As the latest case about the gig economy kicks off, cycle couriers are battling to be recognised as workers (with benefits and protection) rather than self-employed contractors. Today’s CitySprint case is the first of four – the others involve eCourier, Addison Lee and Excel Group Services – to test the legal status of those who work for the companies and its being backed by Independent Workers Union of Great Britain (IWGB). Anna McCaffrey, senior associate in the Employment, Pensions and Mobility group at international law firm Taylor Wessing, outlines the issues.
Coming in the wake of the recent Uber judgement in which the Employment Tribunal found that Uber drivers were workers, the CitySprint and other courier tribunals will attract a lot of
attention. The facts will not be the same as in Uber, and so a different decision may be reached. There is no obligation on the Tribunal hearing this case to follow the decision of the Uber case, but clearly the Uber ruling was welcomed by the claimant.
The courier cases will likewise be followed closely by all involved in the gig economy. Apps such as Uber and Deliveroo and other online technology companies are what many people think of first when the gig economy is mentioned.
But “old economy” delivery models like the courier cases demonstrate the wider impact of the debate on worker status. Any company whose business model involves engaging individuals on short term or temporary contracts as self-employed contractors or agency workers will be looking at this litigation. If the couriers are successful in their claim the potential financial implications for the companies who engage them will be significant.
The current courier cases, together with Uber and Deliveroo, are part of growing scrutiny on whether the way we work is fundamentally changing, and what the positives and negatives of that may be.
On one hand, companies such as CitySprint, Uber, and Deliveroo point to the high level of flexibility and choice in how, when, and where you work that being self-employed offers individuals in comparison to the traditional employee model. It may also present earning opportunities for people who may not find a job easily in more traditional businesses.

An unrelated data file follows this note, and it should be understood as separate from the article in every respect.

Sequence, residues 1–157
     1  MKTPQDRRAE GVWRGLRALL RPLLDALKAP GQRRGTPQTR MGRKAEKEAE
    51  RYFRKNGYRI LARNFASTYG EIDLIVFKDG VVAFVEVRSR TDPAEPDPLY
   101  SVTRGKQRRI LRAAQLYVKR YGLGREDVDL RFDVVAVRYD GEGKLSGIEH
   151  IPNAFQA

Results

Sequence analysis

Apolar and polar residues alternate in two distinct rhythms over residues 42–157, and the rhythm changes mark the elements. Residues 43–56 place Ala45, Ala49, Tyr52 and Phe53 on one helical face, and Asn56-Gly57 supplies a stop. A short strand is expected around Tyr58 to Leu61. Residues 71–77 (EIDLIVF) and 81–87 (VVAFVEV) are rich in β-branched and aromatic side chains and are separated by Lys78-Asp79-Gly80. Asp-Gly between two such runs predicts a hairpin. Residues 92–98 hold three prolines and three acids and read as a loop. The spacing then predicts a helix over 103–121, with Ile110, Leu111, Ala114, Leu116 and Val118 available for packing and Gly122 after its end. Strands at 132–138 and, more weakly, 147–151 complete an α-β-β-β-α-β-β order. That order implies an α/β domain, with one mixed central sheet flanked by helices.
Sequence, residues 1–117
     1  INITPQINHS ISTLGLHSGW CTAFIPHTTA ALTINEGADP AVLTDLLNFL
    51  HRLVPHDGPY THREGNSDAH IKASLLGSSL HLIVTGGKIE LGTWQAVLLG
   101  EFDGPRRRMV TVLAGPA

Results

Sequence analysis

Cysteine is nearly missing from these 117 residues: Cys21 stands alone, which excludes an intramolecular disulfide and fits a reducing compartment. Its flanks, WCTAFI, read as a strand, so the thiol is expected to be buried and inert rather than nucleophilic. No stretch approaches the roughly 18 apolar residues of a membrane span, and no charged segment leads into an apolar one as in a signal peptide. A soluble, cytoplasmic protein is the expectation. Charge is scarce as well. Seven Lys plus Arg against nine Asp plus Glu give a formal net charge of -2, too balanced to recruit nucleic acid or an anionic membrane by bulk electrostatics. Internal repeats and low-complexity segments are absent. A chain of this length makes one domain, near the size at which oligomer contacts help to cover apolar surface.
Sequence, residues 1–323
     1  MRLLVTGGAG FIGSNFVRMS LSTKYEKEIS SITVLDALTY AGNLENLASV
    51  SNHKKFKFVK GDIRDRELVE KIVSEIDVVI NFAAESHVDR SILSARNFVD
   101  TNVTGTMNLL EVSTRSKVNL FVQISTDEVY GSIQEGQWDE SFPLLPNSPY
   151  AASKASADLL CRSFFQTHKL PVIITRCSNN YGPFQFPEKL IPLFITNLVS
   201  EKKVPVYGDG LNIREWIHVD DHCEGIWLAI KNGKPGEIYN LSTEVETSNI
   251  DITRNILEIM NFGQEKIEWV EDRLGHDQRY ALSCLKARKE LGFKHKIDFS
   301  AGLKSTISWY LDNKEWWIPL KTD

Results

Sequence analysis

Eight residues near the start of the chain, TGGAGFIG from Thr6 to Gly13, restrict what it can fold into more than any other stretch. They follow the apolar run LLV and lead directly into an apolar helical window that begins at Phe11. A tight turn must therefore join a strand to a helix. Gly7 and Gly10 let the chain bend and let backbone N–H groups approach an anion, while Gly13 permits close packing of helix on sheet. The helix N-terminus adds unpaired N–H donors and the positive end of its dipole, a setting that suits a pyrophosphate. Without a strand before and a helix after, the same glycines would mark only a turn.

On the other hand, those involved in bringing these types of claim argue that, whatever a label in a contract may say, they should receive the benefits and protections more typical of conventional jobs.
As new business models emerge, both within the digital world and more traditional industries, there is a debate about the balance to be struck between encouraging economic investment and growth, and protection. Where that balance should be struck, and what the appropriate level of protection for individuals working in “non-standard” work may be, is set to remain a hot topic.
Workers’ rights in the gig economy has been specifically highlighted by Prime Minister Theresa May as a priority issue, and she has already appointed Matthew Taylor to produce a report. We also have the BEIS enquiry (which commenced on 26 October 2016) into the future world of work. Add to this general maelstrom, the recent media reports of household name companies allegedly not paying the national minimum wage (whether to those who are actually recognised as workers or otherwise) and the focus on increased enforcement in this area.
Given all of these factors, there will be a large amount of interest in the courier cases. They may have a significant impact on modern working practices generally, and not just those within the gig economy.
We’ll be following the case closely. Please do add your comments below.